DFAS Privacy Act Program, 64022-64023 [2019-25079]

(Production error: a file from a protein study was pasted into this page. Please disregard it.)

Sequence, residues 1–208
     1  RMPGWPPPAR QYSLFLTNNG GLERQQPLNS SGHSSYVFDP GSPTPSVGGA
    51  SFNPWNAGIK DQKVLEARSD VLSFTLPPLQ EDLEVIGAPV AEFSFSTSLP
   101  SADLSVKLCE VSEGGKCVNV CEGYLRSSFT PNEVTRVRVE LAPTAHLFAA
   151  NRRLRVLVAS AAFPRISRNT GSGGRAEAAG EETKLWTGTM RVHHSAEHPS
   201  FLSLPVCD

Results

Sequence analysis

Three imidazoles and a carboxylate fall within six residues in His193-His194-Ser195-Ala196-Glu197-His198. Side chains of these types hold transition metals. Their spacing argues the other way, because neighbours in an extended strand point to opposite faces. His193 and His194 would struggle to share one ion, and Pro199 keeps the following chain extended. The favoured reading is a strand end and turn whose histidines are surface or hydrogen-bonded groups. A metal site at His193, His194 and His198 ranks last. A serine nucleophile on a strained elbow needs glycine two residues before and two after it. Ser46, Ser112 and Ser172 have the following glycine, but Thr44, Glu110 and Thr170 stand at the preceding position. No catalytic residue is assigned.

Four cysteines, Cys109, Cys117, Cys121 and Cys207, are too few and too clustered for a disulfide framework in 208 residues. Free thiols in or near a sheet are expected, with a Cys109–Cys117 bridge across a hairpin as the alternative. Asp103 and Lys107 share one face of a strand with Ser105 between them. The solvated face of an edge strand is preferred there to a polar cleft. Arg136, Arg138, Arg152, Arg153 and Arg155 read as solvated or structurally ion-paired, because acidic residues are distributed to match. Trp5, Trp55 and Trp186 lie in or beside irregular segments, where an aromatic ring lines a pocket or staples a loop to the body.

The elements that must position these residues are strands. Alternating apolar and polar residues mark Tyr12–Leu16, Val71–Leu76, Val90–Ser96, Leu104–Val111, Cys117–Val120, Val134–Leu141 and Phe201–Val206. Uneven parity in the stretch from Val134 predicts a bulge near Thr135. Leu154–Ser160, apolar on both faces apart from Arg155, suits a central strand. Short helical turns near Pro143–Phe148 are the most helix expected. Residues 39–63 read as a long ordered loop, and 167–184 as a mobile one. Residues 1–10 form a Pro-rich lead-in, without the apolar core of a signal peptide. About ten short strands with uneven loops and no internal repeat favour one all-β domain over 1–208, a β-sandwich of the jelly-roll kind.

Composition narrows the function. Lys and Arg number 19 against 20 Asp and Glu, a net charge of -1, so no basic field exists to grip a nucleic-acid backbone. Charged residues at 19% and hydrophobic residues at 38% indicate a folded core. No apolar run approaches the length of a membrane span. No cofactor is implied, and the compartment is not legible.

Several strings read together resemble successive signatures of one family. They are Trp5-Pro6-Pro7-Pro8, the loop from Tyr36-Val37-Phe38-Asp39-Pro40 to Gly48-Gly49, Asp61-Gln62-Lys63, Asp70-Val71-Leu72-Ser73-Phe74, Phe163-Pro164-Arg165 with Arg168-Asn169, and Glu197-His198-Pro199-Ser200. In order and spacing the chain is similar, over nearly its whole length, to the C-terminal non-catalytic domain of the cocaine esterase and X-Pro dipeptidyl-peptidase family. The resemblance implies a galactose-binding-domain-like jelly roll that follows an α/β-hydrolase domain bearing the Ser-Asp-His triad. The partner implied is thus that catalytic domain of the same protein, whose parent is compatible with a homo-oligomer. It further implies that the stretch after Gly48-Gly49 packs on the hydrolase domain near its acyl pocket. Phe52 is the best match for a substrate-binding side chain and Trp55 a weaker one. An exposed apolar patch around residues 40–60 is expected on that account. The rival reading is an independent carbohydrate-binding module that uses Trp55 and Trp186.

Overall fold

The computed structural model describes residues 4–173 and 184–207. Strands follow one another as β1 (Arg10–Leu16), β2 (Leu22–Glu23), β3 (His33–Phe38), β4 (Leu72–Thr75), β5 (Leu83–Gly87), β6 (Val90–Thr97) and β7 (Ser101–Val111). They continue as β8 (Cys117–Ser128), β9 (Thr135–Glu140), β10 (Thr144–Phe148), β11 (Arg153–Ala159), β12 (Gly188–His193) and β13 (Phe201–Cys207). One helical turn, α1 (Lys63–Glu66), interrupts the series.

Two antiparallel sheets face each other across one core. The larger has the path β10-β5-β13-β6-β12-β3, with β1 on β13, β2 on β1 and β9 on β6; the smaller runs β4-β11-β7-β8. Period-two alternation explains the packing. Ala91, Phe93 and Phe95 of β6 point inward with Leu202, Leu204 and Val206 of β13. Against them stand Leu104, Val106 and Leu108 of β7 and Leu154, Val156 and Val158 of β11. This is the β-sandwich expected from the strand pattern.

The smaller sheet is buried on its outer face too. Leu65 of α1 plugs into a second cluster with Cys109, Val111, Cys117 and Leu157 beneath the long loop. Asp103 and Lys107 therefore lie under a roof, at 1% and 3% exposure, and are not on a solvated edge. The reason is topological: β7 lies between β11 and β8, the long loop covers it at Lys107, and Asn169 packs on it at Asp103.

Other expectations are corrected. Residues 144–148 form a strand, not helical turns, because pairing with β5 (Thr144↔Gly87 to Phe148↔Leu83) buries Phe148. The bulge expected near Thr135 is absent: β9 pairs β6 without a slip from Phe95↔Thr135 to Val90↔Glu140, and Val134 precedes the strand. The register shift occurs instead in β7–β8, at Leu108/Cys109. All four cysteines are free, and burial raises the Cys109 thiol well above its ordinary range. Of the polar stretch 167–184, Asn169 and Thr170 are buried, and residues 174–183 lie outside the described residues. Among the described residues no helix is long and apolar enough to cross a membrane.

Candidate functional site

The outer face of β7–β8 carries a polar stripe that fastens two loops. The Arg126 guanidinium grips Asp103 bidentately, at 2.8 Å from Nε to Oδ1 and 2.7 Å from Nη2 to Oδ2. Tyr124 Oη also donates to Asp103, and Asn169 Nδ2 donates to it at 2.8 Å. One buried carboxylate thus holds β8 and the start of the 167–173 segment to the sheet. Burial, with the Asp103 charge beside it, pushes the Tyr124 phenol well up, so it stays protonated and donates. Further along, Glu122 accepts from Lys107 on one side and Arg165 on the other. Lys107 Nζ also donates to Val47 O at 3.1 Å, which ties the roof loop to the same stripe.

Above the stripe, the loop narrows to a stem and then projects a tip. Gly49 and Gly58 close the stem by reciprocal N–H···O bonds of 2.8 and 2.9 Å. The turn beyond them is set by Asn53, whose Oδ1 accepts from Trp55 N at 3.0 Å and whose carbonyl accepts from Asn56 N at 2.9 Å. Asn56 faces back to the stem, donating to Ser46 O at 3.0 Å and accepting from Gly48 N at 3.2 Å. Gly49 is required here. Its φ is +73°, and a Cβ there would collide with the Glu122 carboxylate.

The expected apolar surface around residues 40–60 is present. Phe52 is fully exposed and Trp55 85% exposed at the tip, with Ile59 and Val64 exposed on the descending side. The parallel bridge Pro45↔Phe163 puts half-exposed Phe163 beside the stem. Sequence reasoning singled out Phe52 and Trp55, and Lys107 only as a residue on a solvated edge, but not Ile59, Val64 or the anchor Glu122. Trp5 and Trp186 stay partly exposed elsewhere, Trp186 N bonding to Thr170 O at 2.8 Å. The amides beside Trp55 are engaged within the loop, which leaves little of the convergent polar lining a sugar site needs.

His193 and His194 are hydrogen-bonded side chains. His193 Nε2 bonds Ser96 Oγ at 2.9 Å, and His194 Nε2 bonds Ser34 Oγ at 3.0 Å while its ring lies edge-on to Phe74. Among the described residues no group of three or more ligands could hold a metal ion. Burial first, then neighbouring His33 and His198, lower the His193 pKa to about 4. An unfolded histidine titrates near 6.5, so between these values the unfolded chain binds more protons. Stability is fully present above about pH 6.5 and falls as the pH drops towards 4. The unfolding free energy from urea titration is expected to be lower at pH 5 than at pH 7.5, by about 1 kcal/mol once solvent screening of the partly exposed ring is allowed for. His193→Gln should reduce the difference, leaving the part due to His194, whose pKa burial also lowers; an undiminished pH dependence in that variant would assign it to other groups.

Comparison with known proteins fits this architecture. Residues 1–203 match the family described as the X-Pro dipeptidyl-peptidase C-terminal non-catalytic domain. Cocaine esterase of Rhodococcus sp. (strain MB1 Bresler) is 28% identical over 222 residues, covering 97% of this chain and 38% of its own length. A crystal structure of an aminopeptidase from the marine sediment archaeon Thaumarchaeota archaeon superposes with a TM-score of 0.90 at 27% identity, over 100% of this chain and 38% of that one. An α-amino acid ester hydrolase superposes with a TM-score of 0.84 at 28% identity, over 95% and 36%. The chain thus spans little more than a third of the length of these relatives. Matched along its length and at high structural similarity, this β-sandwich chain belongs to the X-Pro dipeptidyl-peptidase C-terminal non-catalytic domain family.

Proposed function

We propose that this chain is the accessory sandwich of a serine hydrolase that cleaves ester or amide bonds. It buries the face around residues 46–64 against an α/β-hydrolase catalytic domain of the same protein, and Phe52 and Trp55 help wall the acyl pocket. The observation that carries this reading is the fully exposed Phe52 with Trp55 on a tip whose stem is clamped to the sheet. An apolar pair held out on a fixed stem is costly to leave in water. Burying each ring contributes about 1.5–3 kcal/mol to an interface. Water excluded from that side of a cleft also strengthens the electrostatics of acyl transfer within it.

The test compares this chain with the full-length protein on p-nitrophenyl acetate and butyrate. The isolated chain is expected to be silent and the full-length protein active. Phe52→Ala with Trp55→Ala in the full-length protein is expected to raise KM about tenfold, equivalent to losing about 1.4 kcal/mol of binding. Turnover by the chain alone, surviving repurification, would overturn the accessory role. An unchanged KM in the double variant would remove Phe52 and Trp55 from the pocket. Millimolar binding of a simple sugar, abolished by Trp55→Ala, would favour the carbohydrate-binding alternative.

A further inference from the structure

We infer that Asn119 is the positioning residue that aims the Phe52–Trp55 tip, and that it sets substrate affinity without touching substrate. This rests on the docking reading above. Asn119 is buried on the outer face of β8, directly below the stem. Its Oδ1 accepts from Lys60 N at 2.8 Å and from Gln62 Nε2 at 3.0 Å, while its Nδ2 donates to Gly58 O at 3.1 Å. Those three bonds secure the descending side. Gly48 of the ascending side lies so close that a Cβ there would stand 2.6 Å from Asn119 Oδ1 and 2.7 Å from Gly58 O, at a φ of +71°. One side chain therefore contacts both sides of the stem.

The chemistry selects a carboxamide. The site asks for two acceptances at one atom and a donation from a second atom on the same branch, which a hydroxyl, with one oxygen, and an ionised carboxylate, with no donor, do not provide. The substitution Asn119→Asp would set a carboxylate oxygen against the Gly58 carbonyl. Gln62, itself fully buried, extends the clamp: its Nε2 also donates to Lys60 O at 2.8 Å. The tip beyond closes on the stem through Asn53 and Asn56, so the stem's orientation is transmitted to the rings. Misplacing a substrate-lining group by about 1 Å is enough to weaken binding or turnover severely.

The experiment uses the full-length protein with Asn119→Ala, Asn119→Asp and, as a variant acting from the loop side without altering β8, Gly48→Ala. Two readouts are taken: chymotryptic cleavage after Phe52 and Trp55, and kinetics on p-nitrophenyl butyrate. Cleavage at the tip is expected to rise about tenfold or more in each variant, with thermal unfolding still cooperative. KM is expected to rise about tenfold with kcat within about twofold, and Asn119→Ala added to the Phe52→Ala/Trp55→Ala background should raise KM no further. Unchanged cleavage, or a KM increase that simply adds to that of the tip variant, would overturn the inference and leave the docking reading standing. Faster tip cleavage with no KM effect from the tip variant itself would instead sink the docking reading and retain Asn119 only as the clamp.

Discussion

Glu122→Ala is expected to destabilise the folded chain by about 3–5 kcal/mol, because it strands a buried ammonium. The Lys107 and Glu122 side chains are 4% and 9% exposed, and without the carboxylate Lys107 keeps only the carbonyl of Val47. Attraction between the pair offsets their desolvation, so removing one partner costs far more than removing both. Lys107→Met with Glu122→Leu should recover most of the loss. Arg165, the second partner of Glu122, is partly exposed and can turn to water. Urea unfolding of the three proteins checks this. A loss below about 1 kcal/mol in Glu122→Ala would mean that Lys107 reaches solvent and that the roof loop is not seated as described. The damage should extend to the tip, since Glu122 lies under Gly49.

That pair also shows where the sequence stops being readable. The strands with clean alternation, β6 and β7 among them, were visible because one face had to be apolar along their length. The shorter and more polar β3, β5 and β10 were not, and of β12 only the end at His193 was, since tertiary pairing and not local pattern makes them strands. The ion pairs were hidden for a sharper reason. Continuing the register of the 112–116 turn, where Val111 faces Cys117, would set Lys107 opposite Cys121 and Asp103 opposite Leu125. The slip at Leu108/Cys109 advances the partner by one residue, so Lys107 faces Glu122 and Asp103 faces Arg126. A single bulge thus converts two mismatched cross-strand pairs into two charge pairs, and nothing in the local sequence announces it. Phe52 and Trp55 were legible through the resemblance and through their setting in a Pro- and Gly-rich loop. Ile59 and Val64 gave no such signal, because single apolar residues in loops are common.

Download as PDF 64022 Federal Register / Vol. 84, No. 224 / Wednesday, November 20, 2019 / Rules and Regulations information and report it to a Federal agency. As this rule does not contain information collection requirements, a submission to the Office of Management and Budget under the Paperwork Reduction Act (44 U.S.C. 3501 et seq.) is not required. Regulatory Flexibility Act This rule will not have a significant economic impact on a substantial number of small entities under the Regulatory Flexibility Act (5 U.S.C. 601 et seq.). The Texas submittal, which is the subject of this rule, is based upon corresponding Federal regulations for which an economic analysis was prepared and certification made that such regulations would not have a significant economic effect upon a substantial number of small entities. In making the determination as to whether this rule would have a significant economic impact, the Department relied upon the data and assumptions for the corresponding Federal regulations. Small Business Regulatory Enforcement Fairness Act This rule is not a major rule under 5 U.S.C. 804(2), the Small Business Regulatory Enforcement Fairness Act. Original amendment submission date BILLING CODE 4310–05–P DEPARTMENT OF DEFENSE Office of the Secretary 32 CFR Part 324 [Docket ID: DOD–2019–OS–0054] RIN 0790–AK70 DFAS Privacy Act Program Defense Finance and Accounting Service, DoD. ACTION: Final rule. AGENCY: This final rule removes DoD’s regulation concerning the Defense Finance and Accounting Service Privacy Program. On April 11, 2019, the Department of Defense published a revised DoD-level Privacy Program rule, which contains the necessary information for an agency-wide privacy program regulation under the Privacy 16:02 Nov 19, 2019 Jkt 250001 This rule does not impose an unfunded mandate on State, local, or Tribal governments, or the private sector of more than $100 million per year. The rule does not have a significant or unique effect on State, local, or Tribal governments or the private sector. This determination is based on an analysis of the corresponding Federal regulations, which were determined not to impose an unfunded mandate. Therefore, a statement containing the information required by the Unfunded Mandates * 11/20/2019 [FR Doc. 2019–25186 Filed 11–19–19; 8:45 am] VerDate Sep<11>2014 Unfunded Mandates Reform Act Date of final publication * * February 7, 2018 ....................................... SUMMARY: This rule: (a) Does not have an annual effect on the economy of $100 million; (b) will not cause a major increase in costs or prices for consumers, individual industries, Federal, State, or local government agencies, or geographic regions; and (c) does not have significant adverse effects on competition, employment, investment, productivity, innovation, or the ability of U.S.-based enterprises to compete with foreign-based enterprises. This determination is based on an analysis of the corresponding Federal regulations, which were determined not to constitute a major rule. List of Subjects in 30 CFR Part 943 Intergovernmental relations, Surface mining, Underground mining. Dated: September 9, 2019. Alfred L. Clayborne, Regional Director, Mid-Continent Region. For the reasons set out in the preamble, 30 CFR part 943 is amended as set forth below: PART 943—TEXAS 1. The authority citation for part 943 continues to read as follows: ■ Authority: 30 U.S.C. 1201 et seq. 2. Section 943.15 is amended in the table by adding an entry for ‘‘16 Texas Administrative Code—Section 12.108, related to permit fees; and Section 12.309, related to self-bonding applications’’ in chronological order by ‘‘Date of final publication’’ to read as follows: ■ § 943.15 Approval of Texas regulatory program amendments. * * * * * Citation/description * * * * 16 Texas Administrative Code—Section 12.108, related to permit fees; and Section 12.309, related to self-bonding applications. Act and now serves as the single Privacy Program rule for the Department. That revised Privacy Program rule also includes all DoD component exemption rules. Therefore, the part concerning the Defense Finance and Accounting Service Privacy Program is now unnecessary and may be removed from the CFR. DATES: This rule is effective on November 20, 2019. FOR FURTHER INFORMATION CONTACT: Gregory Outlaw at 317–212–4591. SUPPLEMENTARY INFORMATION: DoD now has a single DoD-level Privacy Program rule at 32 CFR part 310 (84 FR 14728) that contains all the codified information required for the Department. The DFAS Privacy Act Program regulation at 32 CFR part 324, last updated on May 22, 1996 (61 FR 25561), is no longer required and can be removed. It has been determined that publication of this CFR part removal for public comment is impracticable, unnecessary, and contrary to public PO 00000 Reform Act (2 U.S.C. 1531 et seq.) is not required. Frm 00010 Fmt 4700 Sfmt 4700 interest since it is based on the removal of policies and procedures that are now reflected in another CFR part, 32 CFR part 310. This rule is one of 20 separate component Privacy rules. With the finalization of the DoD-level Privacy rule at 32 CFR part 310, the Department eliminated the need for this component Privacy rule, thereby reducing costs to the public as explained in the preamble of the DoD-level Privacy rule published on April 11, 2019, at 84 FR 14728– 14811. This rule is not significant under Executive Order (E.O.) 12866, ‘‘Regulatory Planning and Review.’’ Therefore, E.O. 13771, ‘‘Reducing Regulation and Controlling Regulatory Costs’’ does not apply. List of Subjects in 32 CFR Part 324 Privacy. PART 324—[REMOVED] Accordingly, by the authority of 5 U.S.C. 301, 32 CFR part 324 is removed. E:\FR\FM\20NOR1.SGM 20NOR1 Federal Register / Vol. 84, No. 224 / Wednesday, November 20, 2019 / Rules and Regulations Dated: November 14, 2019. Shelly E. Finke, Alternate OSD Federal Register Liaison Officer, Department of Defense. Authority for Action BILLING CODE 5001–06–P DEPARTMENT OF COMMERCE National Oceanic and Atmospheric Administration 50 CFR Parts 300 and 679 [Docket No. 191114–0081] RIN 0648–BH94 Pacific Halibut Fisheries; Revisions To Catch Sharing Plan and Domestic Management Measures in Alaska National Marine Fisheries Service (NMFS), National Oceanic and Atmospheric Administration (NOAA), Commerce. ACTION: Final rule. AGENCY: This final rule implements regulations that require Charter Halibut Permits (CHPs) to be registered annually with NMFS before use. In 2010, NMFS implemented the Charter Halibut Limited Access Program that issued a limited number of CHPs to persons who operate in the guided sport (charter) halibut fishery on the waters of International Pacific Halibut Commission Regulatory Areas 2C and 3A. The annual registration of CHPs is intended to improve the enforcement of CHP transfer limitations and ownership caps, as well as provide additional information to NMFS and the North Pacific Fishery Management Council on any changes in CHP ownership, leasing, and participation. DATES: Effective December 20, 2019. ADDRESSES: Electronic copies of the Categorical Exclusion and the Regulatory Impact Review (RIR) prepared for this action are available from http://www.regulations.gov or from the NMFS Alaska Region website at https://www.fisheries.noaa.gov/region/ alaska. Written comments regarding the burden-hour estimates or other aspects of the collection-of-information requirements contained in this rule may be submitted by mail to NMFS Alaska Region, P.O. Box 21668, Juneau, AK 99802–1668, Attn: Glenn Merrill; in person at NMFS Alaska Region, 709 West 9th Street, Room 401, Juneau, AK; by email to OIRA_Submission@ omb.eop.gov; or by fax to 202–395– 5806. FOR FURTHER INFORMATION CONTACT: Doug Duncan, 907–586–7228. SUMMARY: VerDate Sep<11>2014 16:02 Nov 19, 2019 Jkt 250001 Conservation and Management Act (16 U.S.C. 1801 et seq.). SUPPLEMENTARY INFORMATION: [FR Doc. 2019–25079 Filed 11–19–19; 8:45 am] The International Pacific Halibut Commission (IPHC) and NMFS manage fishing for Pacific halibut (Hippoglossus stenolepis) through regulations established under authority of the Northern Pacific Halibut Act of 1982 (Halibut Act). The IPHC adopts regulations governing the Pacific halibut fishery under the Convention between the United States and Canada for the Preservation of the Halibut Fishery of the North Pacific Ocean and Bering Sea (Convention), signed at Ottawa, Ontario, on March 2, 1953, as amended by a Protocol Amending the Convention (signed at Washington, DC, on March 29, 1979). For the United States, regulations developed by the IPHC are subject to acceptance by the Secretary of State with concurrence from the Secretary of Commerce. After acceptance by the Secretary of State and the Secretary of Commerce, NMFS publishes the IPHC regulations in the Federal Register as annual management measures pursuant to 50 CFR 300.62. The Halibut Act, at sections 773c(a) and (b), provides the Secretary of Commerce with general responsibility to carry out the Convention and the Halibut Act. In adopting regulations that may be necessary to carry out the purposes and objectives of the Convention and the Halibut Act, the Secretary of Commerce is directed to consult with the Secretary of the department in which the U.S. Coast Guard is operating, currently the Department of Homeland Security. The Halibut Act, at section 773c(c), also provides the North Pacific Fishery Management Council (Council) with authority to develop regulations, including limited access regulations, that are in addition to, and not in conflict with, approved IPHC regulations. Regulations developed by the Council may be implemented by NMFS only after approval by the Secretary of Commerce. The Council has exercised this authority in the development of subsistence halibut fishery management measures, the Charter Halibut Limited Access Program (CHLAP), and a catch sharing plan and domestic management measures in waters in and off Alaska, codified at 50 CFR 300.61, 300.65, 300.66, and 300.67. The Council also developed the Individual Fishing Quota (IFQ) Program for the commercial halibut and sablefish fisheries, codified at 50 CFR part 679, under the authority of section 773 of the Halibut Act and section 303(b) of the Magnuson-Stevens Fishery PO 00000 Frm 00011 Fmt 4700 Sfmt 4700 64023 Management of the Halibut Fishery Description of the Action Area This final rule implements regulations for the management of the guided sport halibut fishery in IPHC Regulatory Areas 2C (Southeast Alaska) and 3A (Southcentral Alaska). This preamble uses the term ‘‘Area 2C’’ and ‘‘Area 3A’’ to refer to IPHC Regulatory Areas 2C and 3A, respectively. Summary Background on Management of the Charter Halibut Fishery In addition to this summary, the preamble to the proposed rule for this action (84 FR 38912; August 8, 2019) and Section 3.2 of the RIR provides detail on charter halibut management programs that have been implemented in Areas 2C and 3A. Guided sport fishing in Areas 2C and 3A is currently managed under the CHLAP, which limits the number of operators in the charter fishery. The CHLAP established Federal charter halibut permits (‘‘CHP’’ or ‘‘permit’’) for operators in the charter halibut fisheries in Areas 2C and 3A (75 FR 554, January 5, 2010). Since 2011, all vessel operators in Areas 2C and 3A with charter anglers on board must have an original, valid permit on board during every charter vessel fishing trip on which Pacific halibut are caught and retained. CHPs are endorsed for the appropriate regulatory area and the number of charter anglers that may catch and retain halibut on a trip. NMFS issued both transferable and nontransferable CHPs depending on specific qualifying criteria detailed in the final rule implementing the CHLAP (75 FR 554, January 5, 2010). Transferable CHPs were issued to participants with more extensive participation in the charter halibut fishery during the qualifying period and used to establish a market-based system of access to the halibut charter fishery after the initial allocation of permits. Nontransferable CHPs were authorized as a means to allow a business with relatively low participation during the qualifying period to continue to operate, while reducing the size of the charter fleet over time. Nontransferable CHPs may not be transferred to another individual or business entity, and the permits are invalidated when a permit holder dies, or the business entity that holds the permit dissolves or adds new owners. 50 CFR 300.67(j) describes CHP limitations, including ownership changes. E:\FR\FM\20NOR1.SGM 20NOR1